It seemed that we had arrived just too late. It was our final day in Dublin and there would be no chance to visit again. The simple fact was, we had never realised that the shop was so close; had never really planned to visit; had only chanced upon it with our luggage already packed, waiting for the bus to take us to the ferry. And now that we were here, the shutters on the front door were half down.
I had been reading Ulysses since the start of our trip. A rather pretentious conceit, but my reasoning had been: if not now, when? I had been 400+ pages in––far further than I had ever managed before––but I had also reached a point where I was beginning to have doubts. My resolve was wavering. 400 pages. Sweny’s pharmacy shop had been a long way back. At least 300 pages. Except that now we were standing outside it: windows full of old bottles; black and white photographs of Joyce; strange medicants and curios. A plain, white sign advertised lemon soap.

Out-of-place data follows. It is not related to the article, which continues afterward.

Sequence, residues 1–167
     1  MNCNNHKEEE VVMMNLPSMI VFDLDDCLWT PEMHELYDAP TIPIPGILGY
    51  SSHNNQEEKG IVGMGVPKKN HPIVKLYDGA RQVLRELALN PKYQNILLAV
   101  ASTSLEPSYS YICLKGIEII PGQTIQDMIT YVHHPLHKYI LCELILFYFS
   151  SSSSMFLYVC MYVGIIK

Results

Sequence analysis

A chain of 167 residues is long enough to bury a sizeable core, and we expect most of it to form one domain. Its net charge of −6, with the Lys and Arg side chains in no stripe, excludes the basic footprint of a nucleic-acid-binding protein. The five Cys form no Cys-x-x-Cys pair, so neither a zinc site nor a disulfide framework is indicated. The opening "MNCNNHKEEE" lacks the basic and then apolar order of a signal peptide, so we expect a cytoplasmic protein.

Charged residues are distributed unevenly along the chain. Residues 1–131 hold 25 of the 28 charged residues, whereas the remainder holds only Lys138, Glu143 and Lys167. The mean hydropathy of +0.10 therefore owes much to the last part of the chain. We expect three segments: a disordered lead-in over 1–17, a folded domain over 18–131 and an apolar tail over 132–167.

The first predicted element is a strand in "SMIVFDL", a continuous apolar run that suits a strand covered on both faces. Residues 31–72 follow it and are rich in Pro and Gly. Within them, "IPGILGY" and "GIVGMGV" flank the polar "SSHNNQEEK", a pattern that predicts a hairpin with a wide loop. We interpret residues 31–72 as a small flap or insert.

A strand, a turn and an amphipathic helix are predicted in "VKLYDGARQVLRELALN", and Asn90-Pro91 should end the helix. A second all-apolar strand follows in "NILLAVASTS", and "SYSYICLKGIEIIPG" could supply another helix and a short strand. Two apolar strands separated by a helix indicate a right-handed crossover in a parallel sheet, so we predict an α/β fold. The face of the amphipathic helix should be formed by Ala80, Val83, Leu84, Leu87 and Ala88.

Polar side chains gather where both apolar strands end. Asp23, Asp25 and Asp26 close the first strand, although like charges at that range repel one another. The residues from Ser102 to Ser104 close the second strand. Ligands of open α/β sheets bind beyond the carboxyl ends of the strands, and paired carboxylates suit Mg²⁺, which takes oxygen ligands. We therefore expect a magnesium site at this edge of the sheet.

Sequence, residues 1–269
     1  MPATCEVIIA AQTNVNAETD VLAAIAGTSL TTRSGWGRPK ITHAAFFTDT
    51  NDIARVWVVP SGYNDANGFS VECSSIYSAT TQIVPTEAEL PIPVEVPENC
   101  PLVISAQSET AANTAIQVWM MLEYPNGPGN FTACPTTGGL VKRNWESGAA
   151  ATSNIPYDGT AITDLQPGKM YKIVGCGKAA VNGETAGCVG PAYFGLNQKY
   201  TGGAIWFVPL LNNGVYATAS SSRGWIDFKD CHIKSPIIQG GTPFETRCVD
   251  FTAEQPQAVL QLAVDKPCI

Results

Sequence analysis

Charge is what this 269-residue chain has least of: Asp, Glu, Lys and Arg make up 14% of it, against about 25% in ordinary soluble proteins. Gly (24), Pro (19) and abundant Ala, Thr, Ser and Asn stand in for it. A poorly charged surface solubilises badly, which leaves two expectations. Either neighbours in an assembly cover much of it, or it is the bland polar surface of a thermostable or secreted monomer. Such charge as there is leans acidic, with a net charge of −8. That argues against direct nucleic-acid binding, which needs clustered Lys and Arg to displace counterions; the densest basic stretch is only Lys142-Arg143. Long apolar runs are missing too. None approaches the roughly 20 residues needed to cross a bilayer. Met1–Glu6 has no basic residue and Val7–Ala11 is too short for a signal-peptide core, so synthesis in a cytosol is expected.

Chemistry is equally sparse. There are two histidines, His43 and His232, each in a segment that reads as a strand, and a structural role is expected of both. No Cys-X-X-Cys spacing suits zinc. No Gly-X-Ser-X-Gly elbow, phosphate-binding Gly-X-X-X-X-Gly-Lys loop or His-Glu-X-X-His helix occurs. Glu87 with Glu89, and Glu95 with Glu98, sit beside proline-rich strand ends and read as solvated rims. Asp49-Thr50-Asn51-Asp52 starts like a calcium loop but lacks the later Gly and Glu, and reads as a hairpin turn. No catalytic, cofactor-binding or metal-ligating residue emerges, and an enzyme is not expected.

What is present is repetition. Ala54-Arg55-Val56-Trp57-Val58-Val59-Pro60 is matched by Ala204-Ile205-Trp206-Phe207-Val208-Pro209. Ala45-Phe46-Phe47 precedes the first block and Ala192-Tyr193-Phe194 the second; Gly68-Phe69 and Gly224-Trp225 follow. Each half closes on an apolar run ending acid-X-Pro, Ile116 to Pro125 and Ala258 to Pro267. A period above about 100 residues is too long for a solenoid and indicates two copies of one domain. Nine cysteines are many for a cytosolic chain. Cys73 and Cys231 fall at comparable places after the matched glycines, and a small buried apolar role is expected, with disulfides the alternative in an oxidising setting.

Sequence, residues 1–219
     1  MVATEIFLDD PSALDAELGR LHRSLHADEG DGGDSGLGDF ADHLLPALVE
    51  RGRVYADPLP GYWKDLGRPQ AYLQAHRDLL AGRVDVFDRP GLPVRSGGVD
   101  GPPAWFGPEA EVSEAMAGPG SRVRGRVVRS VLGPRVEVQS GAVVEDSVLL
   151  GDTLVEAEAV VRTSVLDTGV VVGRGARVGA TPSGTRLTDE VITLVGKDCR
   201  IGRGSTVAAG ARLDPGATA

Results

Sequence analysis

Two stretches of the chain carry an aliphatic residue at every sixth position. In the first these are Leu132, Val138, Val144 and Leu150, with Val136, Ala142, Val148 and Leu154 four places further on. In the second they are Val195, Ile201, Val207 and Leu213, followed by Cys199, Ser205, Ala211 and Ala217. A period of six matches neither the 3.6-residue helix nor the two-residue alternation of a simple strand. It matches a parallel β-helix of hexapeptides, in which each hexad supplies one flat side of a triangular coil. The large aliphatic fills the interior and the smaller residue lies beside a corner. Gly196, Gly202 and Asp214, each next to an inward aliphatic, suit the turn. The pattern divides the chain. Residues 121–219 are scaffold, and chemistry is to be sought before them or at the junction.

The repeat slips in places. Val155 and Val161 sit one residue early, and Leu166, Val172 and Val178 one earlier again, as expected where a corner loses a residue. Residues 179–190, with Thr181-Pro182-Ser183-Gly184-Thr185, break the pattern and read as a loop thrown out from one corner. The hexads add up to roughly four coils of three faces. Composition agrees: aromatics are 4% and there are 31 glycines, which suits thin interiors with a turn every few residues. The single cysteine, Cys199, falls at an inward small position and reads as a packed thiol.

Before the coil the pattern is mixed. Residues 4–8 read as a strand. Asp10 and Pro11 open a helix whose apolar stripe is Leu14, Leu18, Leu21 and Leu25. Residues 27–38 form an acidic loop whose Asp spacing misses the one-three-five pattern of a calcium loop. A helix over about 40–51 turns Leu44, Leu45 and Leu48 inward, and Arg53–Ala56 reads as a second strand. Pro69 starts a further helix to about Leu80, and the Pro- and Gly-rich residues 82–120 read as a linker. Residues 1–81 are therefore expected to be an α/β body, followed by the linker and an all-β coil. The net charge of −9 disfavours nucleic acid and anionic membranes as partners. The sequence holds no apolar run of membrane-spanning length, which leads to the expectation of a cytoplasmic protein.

“Sweet lemony wax.”
Leopold Bloom had purchased a cake of lemon soap at Sweny’s for the sum of fourpence. My own odyssey to purchase the same appeared doomed to failure. The shutters on the front door were still half down.
Even as we stood and looked into the darkened shop beyond––the crowded shelves, lined with glass vials and coloured jars; heavy wooden cabinets and counter; the mirrors and the weighing scales––two men emerged, stooping low beneath the half-closed shutter.
Did they recognise us as fellow pilgrims? Did they take pity upon us as sympathetic travellers through Bloom’s Dublin? Perhaps they just saw someone beset by doubts? Whatever the reason, they pushed up the shutter, when they had been about to close it, beckoning for us to come inside. Kind fellows.
We took our photos. We bought our soap. “Sweet lemony wax”. We would have liked to have stayed longer and found out more, but we had already kept our kind fellows waiting. We left, and as we left they brought the shutters full down behind us.
I never did finish Ulysses.